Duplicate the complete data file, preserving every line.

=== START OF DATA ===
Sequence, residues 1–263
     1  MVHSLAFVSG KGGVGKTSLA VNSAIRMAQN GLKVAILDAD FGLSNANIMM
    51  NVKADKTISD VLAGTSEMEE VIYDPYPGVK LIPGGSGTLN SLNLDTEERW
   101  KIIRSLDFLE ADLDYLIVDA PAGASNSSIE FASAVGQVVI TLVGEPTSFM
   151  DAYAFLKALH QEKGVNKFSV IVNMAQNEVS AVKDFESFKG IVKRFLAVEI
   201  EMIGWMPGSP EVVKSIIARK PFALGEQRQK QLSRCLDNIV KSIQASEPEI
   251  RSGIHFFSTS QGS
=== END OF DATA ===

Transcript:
Sequence, residues 1–263
     1  MVHSLAFVSG KGGVGKTSLA VNSAIRMAQN GLKVAILDAD FGLSNANIMM
    51  NVKADKTISD VLAGTSEMEE VIYDPYPGVK LIPGGSGTLN SLNLDTEERW
   101  KIIRSLDFLE ADLDYLIVDA PAGASNSSIE FASAVGQVVI TLVGEPTSFM
   151  DAYAFLKALH QEKGVNKFSV IVNMAQNEVS AVKDFESFKG IVKRFLAVEI
   201  EMIGWMPGSP EVVKSIIARK PFALGEQRQK QLSRCLDNIV KSIQASEPEI
   251  RSGIHFFSTS QGS